I remember very clearly the first law class I took. I arrived just moments before the class started and sat in the back of the room which is generally my custom. I realized right away that every desk had power and an internet jack which I found kind of cool at the moment.
The person just in front of me (who intended to be in the back of the class before I showed up) turned around and asked me as I sat down, \”Hey, do you mind if I look at porn during class?\”
This event was memorable not just because of the absurdity of the question but it was one of the few times in my life that I was left speechless. Any number of obnoxious comebacks would have done but I was taken aback at not only the boldness of asking such a question but the concept of looking at pornography during a class on jurisprudence.
Having internet access in a classroom is simply a bad idea. I\’ve been to enough classes now to see that none of them have actually made use of that for an educational reason. People will play solitaire, check their e-mail, or even play World of Warcraft during class, occasionally switching back to Word to type in a few notes.
However, the University of Illinois, like many other universities is blanketing the campus with wireless connectivity, including connectivity in the classroom. Some locations make sense like the dorms or the airport. Others locations are a rather sad social commentary, such as the performing arts theater. I\’m not much for operas, but if I did go I\’d certainly want to be free from the digital leash of e-mail.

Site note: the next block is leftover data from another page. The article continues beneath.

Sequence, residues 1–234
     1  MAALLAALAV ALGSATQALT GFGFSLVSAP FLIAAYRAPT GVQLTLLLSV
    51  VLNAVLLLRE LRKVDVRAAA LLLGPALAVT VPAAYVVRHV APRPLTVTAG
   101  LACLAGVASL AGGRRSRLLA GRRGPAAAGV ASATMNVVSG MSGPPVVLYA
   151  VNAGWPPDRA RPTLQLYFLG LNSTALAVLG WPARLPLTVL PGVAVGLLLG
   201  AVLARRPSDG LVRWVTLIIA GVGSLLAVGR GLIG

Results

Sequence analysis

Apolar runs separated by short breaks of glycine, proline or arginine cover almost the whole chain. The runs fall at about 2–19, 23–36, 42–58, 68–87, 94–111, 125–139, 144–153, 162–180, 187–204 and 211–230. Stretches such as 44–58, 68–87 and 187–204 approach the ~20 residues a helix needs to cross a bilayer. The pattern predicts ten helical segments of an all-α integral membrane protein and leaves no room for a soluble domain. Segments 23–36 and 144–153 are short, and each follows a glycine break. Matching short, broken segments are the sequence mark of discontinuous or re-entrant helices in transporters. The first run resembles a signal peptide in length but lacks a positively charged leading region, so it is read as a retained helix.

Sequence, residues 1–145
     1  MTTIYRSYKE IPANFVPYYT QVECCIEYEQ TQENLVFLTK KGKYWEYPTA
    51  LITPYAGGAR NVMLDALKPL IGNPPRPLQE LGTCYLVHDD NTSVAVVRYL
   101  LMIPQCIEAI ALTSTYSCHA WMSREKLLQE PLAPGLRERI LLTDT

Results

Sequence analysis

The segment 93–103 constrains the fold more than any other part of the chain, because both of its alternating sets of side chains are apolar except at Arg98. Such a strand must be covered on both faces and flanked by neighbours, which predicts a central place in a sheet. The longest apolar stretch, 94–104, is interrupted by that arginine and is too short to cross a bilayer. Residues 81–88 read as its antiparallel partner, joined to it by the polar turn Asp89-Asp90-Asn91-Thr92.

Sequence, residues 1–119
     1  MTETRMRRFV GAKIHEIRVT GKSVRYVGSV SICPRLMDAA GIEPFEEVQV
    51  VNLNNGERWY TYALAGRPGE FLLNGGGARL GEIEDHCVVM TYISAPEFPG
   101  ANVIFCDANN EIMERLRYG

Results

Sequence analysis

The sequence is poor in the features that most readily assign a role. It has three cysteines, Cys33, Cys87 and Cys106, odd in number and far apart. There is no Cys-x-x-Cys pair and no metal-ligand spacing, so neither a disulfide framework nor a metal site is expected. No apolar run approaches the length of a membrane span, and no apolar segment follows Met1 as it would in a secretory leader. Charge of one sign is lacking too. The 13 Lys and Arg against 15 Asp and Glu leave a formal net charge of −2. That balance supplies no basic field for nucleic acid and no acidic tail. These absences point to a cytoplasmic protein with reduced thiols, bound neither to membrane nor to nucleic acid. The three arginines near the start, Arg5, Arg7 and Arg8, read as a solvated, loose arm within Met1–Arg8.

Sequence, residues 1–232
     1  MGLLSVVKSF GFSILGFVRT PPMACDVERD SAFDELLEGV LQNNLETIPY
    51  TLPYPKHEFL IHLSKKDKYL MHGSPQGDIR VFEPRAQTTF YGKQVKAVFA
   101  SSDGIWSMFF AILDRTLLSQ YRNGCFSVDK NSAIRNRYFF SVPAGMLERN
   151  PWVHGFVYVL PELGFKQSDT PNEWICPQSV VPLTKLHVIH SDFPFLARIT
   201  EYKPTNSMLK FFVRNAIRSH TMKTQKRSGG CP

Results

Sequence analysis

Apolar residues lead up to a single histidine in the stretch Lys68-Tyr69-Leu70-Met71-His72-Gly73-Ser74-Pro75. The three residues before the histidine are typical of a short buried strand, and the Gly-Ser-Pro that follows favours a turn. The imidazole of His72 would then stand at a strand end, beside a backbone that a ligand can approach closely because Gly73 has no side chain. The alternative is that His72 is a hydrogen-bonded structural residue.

Wireless internet access provides no enhancement to the classroom experience and detracts much from it.
It\’s easy to blame students who don\’t want to give due attention to their studies, however, many instructors here are so obviously disinterested in teaching that their lectures are largely a waste of time. I\’ve encountered far more professors who spend lecture time reading out of the book or out of pre-printed lecture notes than professors who actually try to teach and provide solid material in class.
The provision of internet access to the classroom provides yet another incentive for students to tune out during class. While it would be easy to say that those who don\’t perform will just fail out, the problem is with the current tendencies, if the bulk of students start underperforming because of web surfing they\’ll just lower the standards.
John Bambenek is the Assistant Politics Editor for Blogcritics and is an academic professional for the University of Illinois. He is a freelance columnist who blogs at Part-Time Pundit and the executive director of The Tumaini Foundation which helps AIDS orphans in Tanzania with education. He is the current owner of BlogSoldiers, a blog-only traffic exchange.